By the following day Sergeant Ehlers and his platoon were so far ahead of everyone else they were literally surrounded by Germans. The platoon was ordered to withdraw, and Sergeant Ehlers' squad assumed the responsibility of covering the withdrawal of the rest of the unit. Sergeant Ehlers and his BAR (Browning Automatic Rifle) man stood back to back to draw enemy fire upon themselves and rain effective fire against the enemy to cover the safe withdrawal of the platoon. First the BAR man was shot and wounded, then a rifle round struck Sergeant Ehlers in the back. Ehlers turned quickly and saw the sniper that had wounded him and was able to kill the enemy soldier. Then, despite his own wound, he carried the stricken BAR man from the battlefield before returning to recover the badly needed BAR.

The medics began treating Sergeant Ehlers' wound and quickly learned that the bullet had hit him in the side, glanced off a rib, and exited from his pack. Inside that pack was a picture of Walter and Roland Ehlers' mother, and the bullet had torn away the edged of the folder it was in...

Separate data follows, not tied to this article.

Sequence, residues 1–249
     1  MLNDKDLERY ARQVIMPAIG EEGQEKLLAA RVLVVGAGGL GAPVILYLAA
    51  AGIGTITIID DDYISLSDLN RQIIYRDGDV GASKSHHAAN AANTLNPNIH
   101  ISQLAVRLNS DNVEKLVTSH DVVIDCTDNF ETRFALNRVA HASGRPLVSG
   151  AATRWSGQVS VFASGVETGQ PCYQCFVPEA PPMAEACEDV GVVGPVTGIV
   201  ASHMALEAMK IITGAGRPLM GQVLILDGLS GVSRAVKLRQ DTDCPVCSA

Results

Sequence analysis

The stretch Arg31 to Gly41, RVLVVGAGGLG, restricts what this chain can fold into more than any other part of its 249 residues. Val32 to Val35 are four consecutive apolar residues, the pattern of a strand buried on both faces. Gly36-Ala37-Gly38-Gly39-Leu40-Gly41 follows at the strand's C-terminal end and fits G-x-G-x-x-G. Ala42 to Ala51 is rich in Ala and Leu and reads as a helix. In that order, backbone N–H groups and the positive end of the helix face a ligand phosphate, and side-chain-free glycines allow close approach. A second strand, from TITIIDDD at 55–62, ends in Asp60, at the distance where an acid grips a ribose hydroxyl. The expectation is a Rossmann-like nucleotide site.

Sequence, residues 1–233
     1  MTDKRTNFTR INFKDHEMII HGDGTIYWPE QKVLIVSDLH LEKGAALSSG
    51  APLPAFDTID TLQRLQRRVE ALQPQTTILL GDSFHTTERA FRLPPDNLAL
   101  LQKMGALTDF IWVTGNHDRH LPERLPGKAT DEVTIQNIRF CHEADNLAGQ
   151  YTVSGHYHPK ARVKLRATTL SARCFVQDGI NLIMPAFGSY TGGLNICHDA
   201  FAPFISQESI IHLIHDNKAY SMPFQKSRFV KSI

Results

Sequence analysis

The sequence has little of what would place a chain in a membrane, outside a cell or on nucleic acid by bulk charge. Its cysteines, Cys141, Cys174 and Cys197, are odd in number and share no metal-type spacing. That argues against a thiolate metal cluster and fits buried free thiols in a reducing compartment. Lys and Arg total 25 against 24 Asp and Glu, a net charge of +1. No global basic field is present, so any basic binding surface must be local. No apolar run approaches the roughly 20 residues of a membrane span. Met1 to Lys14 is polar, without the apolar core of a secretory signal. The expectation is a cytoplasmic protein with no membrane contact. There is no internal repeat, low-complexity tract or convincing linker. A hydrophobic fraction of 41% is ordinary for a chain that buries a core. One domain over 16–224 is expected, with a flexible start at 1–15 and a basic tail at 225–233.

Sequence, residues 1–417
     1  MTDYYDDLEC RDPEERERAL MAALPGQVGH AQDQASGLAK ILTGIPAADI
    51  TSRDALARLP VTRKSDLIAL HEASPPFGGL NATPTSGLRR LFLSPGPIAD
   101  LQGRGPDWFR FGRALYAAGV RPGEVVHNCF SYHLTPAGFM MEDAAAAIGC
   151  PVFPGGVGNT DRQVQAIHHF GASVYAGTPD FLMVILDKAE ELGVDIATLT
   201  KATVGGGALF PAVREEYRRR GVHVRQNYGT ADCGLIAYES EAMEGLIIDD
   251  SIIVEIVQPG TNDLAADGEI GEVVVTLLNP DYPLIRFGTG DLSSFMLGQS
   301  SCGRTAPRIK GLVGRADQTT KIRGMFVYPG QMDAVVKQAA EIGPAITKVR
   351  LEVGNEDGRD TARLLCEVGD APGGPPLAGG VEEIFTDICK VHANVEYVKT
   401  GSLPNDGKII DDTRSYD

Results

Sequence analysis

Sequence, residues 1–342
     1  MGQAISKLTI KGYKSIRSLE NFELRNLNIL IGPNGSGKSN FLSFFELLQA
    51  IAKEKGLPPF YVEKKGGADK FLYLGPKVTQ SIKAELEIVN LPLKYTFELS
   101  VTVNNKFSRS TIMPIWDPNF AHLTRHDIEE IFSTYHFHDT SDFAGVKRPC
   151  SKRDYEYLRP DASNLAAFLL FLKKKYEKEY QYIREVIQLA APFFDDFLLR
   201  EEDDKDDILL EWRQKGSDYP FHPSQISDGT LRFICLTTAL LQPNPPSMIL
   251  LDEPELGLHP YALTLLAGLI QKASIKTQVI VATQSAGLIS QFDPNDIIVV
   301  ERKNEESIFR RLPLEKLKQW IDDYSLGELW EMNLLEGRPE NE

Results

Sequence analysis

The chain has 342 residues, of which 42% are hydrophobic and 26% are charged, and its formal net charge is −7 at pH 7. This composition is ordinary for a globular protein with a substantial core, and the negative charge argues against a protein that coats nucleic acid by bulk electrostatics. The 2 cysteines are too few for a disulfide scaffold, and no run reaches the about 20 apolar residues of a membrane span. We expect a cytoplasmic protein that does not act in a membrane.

Over the coming weeks Sergeant Ehlers continued to do his job, leading his men. He was wounded three more times and sent to the hospital twice. Then he learned he was to receive the Medal of Honor. It was presented in the field in Paris on December 14, 1944 by Lieutenant General John C. H. Lee. Then the young hero was flown home for celebrations in Manhattan, Kansas and Christmas with his family. But it bothered him to think of his men spending Christmas in the field, facing the dangers of a desperate enemy. He requested and received permission to return, finishing the war with the men of his battalion. Said Mr. Ehlers at a patriotic event in Pueblo, Colorado in 1995:
"Liberty is worth fighting for, and sometimes worth dying for."